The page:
Common law & equity
- Before the Norman conquest of England the country was loosely united under the crown.
- What constituted as an offence in one shire might not be an offence in another.
- The shire court/moot was presided over by the bishop and also attending would be the free men of the shire and all those entitled to attend the hundred courts.
- The hundred courts or Moot were presided over by the hundredmen and twelve senior thanes.
- The final decision was decided by God.
- Method of Proof - The accused had to repeat a long complicated oath word perfect. An oath helper would also recite and oath that they believed the accused to be of good character and not likely to have commited the crime, known as the wager of law.
- The more oath helpers the more likely they would have their innocence proved.
- If the accused couldn't get any oath helpers then they would be put through the ordeal. They would have their hand plunged into hot water and then their burns bandaged up. After a period of time the bandages would be removed and if the burn had healed they were innocent if not they would be mutilated.
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Events following the Norman conquest
- The introduction of Feudalism is really a method of government which includes the administration of justice and was based on land holding.
- William confiscated all land and distributed it between noblemen and supporters, they were known as tenants of the crown.
- In return they swore allegiance and had to do feudral dues to the crown and its government, such as equipping soldiers.
- Lords that held land of the kings were allowed to set up fedural courts.
- Shire court - deals with all matters except those concerning land. But eventually the royal judge took over from the sheriff.
- Hundred court - It Diminished its importance because it could no longer deal with disputes concerning land.
- Manorial court -These were held by the lords of the manor and were concerned with land disputes. When Feudalism faded, the Manorial Court declined.
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Henry II (1154 - 1189)
- Henry didn't abolish the jurisdiction of these local courts he merely undermined their authority.He did this by using the royal writ and the officer he employed to do the work was the sheriff.
- A writ was an order signed by the king, commanding something to be done, if you disobeyed the writ there were grave consequences.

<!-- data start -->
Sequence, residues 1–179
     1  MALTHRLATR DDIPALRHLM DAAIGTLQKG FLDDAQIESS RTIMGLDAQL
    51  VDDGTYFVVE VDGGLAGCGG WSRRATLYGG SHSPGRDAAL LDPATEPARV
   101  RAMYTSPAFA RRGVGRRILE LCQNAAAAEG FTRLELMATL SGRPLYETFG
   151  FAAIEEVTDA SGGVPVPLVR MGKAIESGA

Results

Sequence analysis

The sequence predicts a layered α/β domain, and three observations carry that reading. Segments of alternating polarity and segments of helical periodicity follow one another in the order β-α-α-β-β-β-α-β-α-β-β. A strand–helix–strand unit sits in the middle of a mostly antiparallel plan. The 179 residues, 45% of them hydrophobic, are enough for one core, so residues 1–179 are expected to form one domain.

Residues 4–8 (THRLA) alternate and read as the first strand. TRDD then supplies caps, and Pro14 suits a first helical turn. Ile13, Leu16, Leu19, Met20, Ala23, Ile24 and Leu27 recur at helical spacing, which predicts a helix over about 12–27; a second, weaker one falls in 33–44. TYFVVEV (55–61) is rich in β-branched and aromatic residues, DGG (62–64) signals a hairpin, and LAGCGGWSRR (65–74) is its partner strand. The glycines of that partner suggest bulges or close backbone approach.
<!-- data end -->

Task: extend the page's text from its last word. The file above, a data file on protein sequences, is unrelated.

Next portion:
- The writ praecipe - a command from the king to the tenant in chief commanding him to appear before the king. Henry II served it to the local sheriff to summon the lord of the manor before him to deal with disputes concerning land. This took the disputes out of the manorial courtwhich angered the Barons, so it was abolished by the Magna Carta 1215
- The Writ of rights - if a person couldn't obtain justice locally they would complain to the king who would order the person reponsible for the administration of justice to do right in connection with the complaint.
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The circuit System
The Circuit System
- Henry II divided the county into ciruits and sent a royal judge to go at regular intervals into the countries.
- These judges would sit in the shire court and took over from the Sheriff.
- It was these judges that moulded the various customs into a system.
- They adopted the best of the customs they found throughout the country and applied them in a uniform matter to form the basis of common law.
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The Writ system
- With the growth in power of the royal courts, that of the local courts diminished. To begin an action in a royal court the plaintiff needed a written command from the lord chancellor in the kings name, ordering the defendant to appear in court and show cause why the plaintiff should not be given the relief he sought.
- At first there was no limit to the varieties of Writs which the royal chancellery would issue. As the work of the royal courts grew so did the demand for writs. The choice of Writ determind the whole procedure at the trial. If the wrong writ was chosen the litigant failed.
- If you sought a Writ the clerks would first consult the register to see if there was a form of action on which the complaint could be based. If so they copied it merely altering the factual details. If no Writ fitted then a new one had to be drawn up.
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The Writ system
- The barons were jealous at the growth of the royal courts and the decline of their own Feudal courts which forced Henry III to forbid the issue of further new varieties of Writs.
- Enacting the Provisions of Oxford Case 1258 which prevented the issue of new Writs.
- Common law then became rigid and fixed. The statute of Westminster II allowed further development of common law but it was too late.
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